Every NBA team hopes that the player their team selects in the draft will end up being a really impactful contributor, but what are the chances of that happening?
To begin to answer this question, we must define what we mean by an “impactful contributor.” For the sake of simplicity, we’ll say that an “impactful contributor” is a top-100 player in the NBA.
Being a top-100 player doesn’t guarantee that someone is an All-NBA or even All-Star level performer, but it does indicate that they are capable of starting on pretty much any NBA team.
And given the level of variability that can take place with a science that is as inexact as draft projections, drafting a solid starter, regardless of where you pick in the draft, should be viewed as a pretty nice outcome.
With this criteria established, we decided to use The Ringer’s current top-100 player list as the document of reference for our exercise. The list isn’t perfect, but it serves as one of the best barometers on the market, as it is determined and updated by multiple analysts (which decreases the likelihood of individual bias influencing rankings).
From there, we tracked which draft class each player on the list was part of to get a sense of how many top-100 players come from each draft class. Here is what the breakdown was:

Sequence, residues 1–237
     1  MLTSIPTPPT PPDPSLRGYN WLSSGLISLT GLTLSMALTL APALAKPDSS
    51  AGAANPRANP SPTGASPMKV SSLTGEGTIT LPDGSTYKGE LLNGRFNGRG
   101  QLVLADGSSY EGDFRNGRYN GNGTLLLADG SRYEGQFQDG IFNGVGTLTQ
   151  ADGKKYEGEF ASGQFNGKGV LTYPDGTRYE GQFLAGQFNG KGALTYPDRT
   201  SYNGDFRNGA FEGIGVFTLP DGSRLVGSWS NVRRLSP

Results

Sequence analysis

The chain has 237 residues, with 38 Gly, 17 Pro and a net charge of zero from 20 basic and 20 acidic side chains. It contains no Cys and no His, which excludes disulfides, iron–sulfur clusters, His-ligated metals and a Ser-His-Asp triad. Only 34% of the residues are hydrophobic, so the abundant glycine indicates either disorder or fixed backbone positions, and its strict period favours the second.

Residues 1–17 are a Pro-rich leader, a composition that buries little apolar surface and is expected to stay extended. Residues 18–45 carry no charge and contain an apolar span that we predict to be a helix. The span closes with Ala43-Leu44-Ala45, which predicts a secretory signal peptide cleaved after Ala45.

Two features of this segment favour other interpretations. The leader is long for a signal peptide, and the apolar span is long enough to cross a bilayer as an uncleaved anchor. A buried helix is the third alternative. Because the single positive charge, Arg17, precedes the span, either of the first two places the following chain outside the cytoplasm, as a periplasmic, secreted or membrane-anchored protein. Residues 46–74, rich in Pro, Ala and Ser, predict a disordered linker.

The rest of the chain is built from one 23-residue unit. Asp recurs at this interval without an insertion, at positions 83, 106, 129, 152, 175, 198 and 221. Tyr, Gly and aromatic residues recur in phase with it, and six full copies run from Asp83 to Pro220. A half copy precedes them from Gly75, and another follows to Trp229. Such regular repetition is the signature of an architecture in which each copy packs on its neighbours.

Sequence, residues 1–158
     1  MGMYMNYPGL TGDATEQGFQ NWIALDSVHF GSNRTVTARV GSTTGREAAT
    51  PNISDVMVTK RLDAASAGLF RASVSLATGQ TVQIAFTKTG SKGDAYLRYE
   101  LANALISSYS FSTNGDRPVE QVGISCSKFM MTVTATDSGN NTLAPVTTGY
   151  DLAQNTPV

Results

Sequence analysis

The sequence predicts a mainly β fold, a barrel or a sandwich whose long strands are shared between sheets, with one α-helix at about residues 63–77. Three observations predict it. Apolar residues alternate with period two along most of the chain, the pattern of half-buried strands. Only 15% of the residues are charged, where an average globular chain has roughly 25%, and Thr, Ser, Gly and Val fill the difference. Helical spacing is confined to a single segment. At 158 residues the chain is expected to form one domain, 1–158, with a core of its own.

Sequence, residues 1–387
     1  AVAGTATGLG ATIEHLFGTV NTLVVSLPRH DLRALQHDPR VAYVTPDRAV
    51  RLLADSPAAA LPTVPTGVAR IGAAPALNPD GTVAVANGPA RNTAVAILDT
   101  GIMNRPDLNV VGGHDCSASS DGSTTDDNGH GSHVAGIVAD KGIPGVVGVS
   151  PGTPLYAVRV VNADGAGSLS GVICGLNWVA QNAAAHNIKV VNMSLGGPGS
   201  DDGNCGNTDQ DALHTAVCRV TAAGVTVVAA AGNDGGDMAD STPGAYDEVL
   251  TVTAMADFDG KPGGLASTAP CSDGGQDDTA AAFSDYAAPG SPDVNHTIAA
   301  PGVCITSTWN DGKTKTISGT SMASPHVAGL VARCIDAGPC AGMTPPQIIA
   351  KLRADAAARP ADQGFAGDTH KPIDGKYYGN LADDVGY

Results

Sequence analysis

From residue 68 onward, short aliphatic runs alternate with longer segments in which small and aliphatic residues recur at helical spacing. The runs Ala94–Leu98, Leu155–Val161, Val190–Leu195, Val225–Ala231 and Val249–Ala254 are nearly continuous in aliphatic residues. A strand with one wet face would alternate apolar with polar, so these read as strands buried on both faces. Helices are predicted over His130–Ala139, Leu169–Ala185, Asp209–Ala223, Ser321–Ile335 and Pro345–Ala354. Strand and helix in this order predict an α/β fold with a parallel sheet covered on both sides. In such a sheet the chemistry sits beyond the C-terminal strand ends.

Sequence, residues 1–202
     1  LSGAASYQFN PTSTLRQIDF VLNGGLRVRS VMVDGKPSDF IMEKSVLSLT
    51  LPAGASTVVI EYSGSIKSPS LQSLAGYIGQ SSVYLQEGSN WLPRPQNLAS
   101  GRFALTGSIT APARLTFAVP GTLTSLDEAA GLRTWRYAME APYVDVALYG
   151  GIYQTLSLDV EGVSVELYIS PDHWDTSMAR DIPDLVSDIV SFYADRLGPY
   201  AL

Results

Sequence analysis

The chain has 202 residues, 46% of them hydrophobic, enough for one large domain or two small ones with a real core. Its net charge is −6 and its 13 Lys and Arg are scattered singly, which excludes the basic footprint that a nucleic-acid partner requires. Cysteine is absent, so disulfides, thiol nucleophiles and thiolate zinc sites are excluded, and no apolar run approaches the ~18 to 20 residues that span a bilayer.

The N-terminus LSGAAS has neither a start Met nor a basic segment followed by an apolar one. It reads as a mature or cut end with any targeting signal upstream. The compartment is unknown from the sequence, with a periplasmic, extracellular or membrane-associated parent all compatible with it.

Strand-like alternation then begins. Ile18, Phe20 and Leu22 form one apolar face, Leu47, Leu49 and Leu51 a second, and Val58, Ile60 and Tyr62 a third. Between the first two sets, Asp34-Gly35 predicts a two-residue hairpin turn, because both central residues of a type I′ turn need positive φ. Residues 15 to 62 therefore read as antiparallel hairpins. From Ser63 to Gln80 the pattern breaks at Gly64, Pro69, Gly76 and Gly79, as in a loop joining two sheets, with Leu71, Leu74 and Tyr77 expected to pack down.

Ringer Top-100 Players Draft Class Split
Now that we have that information handy, let’s focus in on the years 2011 to 2020 (so players in their third through 12th season in the league). We pick those years specifically because it filters out for young players still ascending into their primes and older guys aging out of theirs.
In the Ringer’s current top-100 player list, there are 81 players belonging to the draft classes between 2011 and 2020. By that math, that would mean that each draft contains roughly eight top-100 players in it. That means, if we don’t account for undrafted players, 13.3% of the 60 players selected in the draft develop into top-100 players.
But the thing is that undrafted players do develop into top-100 players (see: Alex Caruso), so that means that the percentage is even less.
Tying this back to our New Orleans Pelicans, the team already touts three players in the top 100 in Brandon Ingram (2016), CJ McCollum (2013), and Zion Williamson (2018).
But they also have a lot of young talent with relatively unknown ceilings in players like Trey Murphy III (2021), Jose Alvarado (2021), Herbert Jones (2021), and Dyson Daniels (2022). Plus, they have a 2023 First Round Draft Pick that fans are already fantasizing over.
For those youngsters, if they are going to end up developing into high-end starters, it looks like they need to become one of the eight or so best players from their respective draft classes.